- It can be changed while the camera is off, with only one hand, and without looking. I get a haptic feedback and know right away, which mode I am in.
- It can be watersealed just as on every other camera

Actual method on the R5 and 1D:
- I have to click one button and than dial another button
- I have to actualy look at a rather small icon to make sure I stop at the right mode
- cant see the mode easily when camera is off
- no haptic feedback about the current mode.

I prefer the mode dial by A LOT.
I've never liked the mode dial. It's likely a dealbreker and a major reason why I use only 1D series cameras for nearly all my work. They seem a weak point in terms of letting water and other matter in, as well as prone to breaking. (Many years ago I had an A2 which lasted about three or fours weeks before it needed to be sent for repair.)

As for clicking one button and having to dial another on the other side of the camera, that seems no more difficult than holding one button down while simultaneously turning it or, worse, using the other hand to do so with the camera now off balance.

As I've been using the 1D series for more than 15 years, and before that the EOS 1 film models for nearly another 15, I find I perform this task almost automatically. It must be deeply ingrained into muscle memory.

I'm a big fan of haptic feedback and would much rather be depressing buttons than scrolling through menus. The latter is pretty much not going to happen when I'm in the middle of a shoot.

Let's hope Canon keeps the controls on their new flagship where they've been.
 
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There would still be the limitation of the length of time needed for a full power dump by the flash.
The larger the flash, the longer a full power dump takes.

You missed my next answer. Big, fast flashes already do exist.
The Hensel Expert D 250 Speed delivers 64 Ws within
1/10,000 sec - enough for very fast shutter speeds.
 
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64 Ws? That's puny compared to the current battery
powered flashes offered by ProFoto, Godox, and others.
500-600 Ws is the current standard. Even the Godox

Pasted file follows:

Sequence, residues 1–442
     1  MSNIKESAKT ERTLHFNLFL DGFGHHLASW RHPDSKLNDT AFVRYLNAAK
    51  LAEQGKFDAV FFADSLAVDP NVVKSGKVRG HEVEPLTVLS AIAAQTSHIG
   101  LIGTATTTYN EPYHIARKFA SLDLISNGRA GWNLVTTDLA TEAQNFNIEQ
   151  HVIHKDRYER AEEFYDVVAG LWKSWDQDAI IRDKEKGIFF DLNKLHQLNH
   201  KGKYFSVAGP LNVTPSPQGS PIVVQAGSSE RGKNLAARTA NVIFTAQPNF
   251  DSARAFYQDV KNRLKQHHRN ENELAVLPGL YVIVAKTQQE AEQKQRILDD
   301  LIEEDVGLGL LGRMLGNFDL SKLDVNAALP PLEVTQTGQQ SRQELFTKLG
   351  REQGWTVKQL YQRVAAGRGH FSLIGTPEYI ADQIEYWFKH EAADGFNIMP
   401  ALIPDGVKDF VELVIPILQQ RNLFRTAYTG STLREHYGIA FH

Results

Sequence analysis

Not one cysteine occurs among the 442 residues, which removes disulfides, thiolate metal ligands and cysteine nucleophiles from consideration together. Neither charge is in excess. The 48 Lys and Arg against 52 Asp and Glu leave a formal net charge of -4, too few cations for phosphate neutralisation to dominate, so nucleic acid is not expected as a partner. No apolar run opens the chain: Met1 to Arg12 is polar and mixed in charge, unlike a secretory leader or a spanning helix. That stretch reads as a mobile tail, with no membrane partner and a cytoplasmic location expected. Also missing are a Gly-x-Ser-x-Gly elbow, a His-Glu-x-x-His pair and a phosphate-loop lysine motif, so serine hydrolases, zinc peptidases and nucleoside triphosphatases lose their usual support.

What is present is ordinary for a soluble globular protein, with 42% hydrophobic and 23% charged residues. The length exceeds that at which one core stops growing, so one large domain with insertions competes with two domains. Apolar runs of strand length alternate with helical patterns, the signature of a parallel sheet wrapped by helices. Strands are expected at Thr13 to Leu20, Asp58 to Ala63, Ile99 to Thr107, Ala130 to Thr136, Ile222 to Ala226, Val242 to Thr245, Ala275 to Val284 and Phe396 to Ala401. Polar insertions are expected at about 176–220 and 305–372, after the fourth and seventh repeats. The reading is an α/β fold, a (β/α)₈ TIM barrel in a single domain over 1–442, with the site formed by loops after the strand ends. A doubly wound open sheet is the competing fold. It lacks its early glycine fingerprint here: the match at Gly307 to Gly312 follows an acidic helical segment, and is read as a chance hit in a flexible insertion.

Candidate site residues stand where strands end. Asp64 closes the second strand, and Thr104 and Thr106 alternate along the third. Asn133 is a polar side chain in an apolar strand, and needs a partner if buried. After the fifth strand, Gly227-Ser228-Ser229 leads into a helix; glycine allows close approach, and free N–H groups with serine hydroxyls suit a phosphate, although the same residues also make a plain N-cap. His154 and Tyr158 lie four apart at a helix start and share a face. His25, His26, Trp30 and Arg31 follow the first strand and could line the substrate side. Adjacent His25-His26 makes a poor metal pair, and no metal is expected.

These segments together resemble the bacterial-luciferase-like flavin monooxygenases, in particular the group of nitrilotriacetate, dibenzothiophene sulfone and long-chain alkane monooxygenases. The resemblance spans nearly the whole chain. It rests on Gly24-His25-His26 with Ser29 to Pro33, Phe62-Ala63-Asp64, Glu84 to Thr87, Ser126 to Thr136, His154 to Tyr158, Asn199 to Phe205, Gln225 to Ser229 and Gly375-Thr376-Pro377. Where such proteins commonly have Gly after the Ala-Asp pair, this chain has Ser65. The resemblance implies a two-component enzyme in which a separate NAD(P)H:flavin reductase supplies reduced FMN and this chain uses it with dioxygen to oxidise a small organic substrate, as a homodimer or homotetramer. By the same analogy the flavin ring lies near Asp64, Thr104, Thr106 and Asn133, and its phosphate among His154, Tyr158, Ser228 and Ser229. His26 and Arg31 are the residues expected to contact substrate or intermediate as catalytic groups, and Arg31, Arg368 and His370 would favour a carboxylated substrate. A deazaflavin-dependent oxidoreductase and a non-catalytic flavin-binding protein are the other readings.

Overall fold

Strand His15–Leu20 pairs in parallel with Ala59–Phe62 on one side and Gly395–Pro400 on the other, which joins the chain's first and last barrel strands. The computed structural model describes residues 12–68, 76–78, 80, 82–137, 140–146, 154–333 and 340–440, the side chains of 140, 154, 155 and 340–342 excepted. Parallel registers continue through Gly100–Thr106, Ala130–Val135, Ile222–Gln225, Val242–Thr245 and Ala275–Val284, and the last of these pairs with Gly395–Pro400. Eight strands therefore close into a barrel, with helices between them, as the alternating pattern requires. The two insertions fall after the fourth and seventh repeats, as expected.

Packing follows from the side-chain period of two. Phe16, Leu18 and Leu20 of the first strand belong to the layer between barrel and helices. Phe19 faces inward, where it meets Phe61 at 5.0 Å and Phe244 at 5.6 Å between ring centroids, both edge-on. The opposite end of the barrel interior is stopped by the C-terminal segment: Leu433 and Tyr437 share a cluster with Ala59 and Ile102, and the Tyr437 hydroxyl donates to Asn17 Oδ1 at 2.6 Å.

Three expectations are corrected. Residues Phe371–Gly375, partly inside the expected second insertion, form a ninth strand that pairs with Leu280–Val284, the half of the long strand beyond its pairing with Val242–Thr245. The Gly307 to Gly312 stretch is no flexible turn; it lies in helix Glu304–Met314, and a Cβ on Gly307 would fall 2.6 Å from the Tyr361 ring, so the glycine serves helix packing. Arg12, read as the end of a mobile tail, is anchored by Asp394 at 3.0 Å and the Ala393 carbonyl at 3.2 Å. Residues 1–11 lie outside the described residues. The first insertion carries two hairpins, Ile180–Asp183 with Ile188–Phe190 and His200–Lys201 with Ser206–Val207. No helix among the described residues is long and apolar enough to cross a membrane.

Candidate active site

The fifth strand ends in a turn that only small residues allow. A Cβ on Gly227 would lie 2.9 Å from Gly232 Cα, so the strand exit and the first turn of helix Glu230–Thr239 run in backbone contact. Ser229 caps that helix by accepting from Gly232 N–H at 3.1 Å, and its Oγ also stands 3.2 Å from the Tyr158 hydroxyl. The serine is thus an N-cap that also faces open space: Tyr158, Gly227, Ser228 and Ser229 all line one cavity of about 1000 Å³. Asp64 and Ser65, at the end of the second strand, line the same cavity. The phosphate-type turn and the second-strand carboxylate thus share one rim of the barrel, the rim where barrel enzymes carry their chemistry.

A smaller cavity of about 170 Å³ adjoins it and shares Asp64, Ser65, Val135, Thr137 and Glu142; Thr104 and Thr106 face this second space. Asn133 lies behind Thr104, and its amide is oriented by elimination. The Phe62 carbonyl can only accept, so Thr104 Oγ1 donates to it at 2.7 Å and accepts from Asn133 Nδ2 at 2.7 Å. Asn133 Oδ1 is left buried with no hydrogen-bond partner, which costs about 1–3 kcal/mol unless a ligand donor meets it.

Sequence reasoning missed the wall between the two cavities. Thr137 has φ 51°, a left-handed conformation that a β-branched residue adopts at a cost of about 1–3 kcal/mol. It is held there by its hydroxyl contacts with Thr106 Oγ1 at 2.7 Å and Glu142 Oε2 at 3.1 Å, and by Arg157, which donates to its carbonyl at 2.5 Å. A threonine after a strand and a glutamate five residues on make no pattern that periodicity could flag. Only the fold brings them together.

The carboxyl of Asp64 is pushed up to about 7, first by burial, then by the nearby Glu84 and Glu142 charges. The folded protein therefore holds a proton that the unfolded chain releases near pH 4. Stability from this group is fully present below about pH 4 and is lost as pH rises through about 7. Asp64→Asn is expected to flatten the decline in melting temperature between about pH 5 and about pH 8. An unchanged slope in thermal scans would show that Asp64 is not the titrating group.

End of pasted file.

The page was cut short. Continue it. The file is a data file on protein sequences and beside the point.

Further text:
"pocket flash" AD200 series puts out 200 Ws.

Yeah, in 1/220 sec at full power. The 250 speed dumps
the 64Ws (~full power of a 600EX-RT) within only 1/10,000 sec.
That's 0.1 ms.

The AD200 need 4,55ms for it's 200 Ws.

It can't fit even nearly as much power in the same short timespan.
And certainly none of them can do so at 16fps.
 
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slclick

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I think Canon should keep the RP designation around to have more models between RP and R like having an RP6 as a model name


We get it but that is not a very popular opinion.
R1 makes more sense to most of us.

.
Canon has already stated that the R and RP were temps. The R5/6 nomenclature should continue so we don't run into an Olympus nightmare of naming schemes.The M series was bad enough, they know better now I believe.
 
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Here are some other requests as well. It would be great if they also had LiDar or some depth measuring software built in, better dynamic range, accurate GPS built in with an accelerometer, no overheating issues so we can have unlimited recording times, and better webcam software for it (wireless if possible)... I'm not asking for much but I'm sure they could do all that. I'd love to be able to help add some or all of these these features. I'm an industrial designer.
 
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cayenne

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Here are some other requests as well. It would be great if they also had LiDar or some depth measuring software built in, better dynamic range, accurate GPS built in with an accelerometer, no overheating issues so we can have unlimited recording times, and better webcam software for it (wireless if possible)... I'm not asking for much but I'm sure they could do all that. I'd love to be able to help add some or all of these these features. I'm an industrial designer.

I really like that idea of the Lidar in there....that would really be forward looking with computational photography coming into its own....and who knows what that could lead to in the future....could turn regular shots into VR or AR type shots, etc....?

If an iPhone can do it, I should think Canon could add that in there somewhere?

C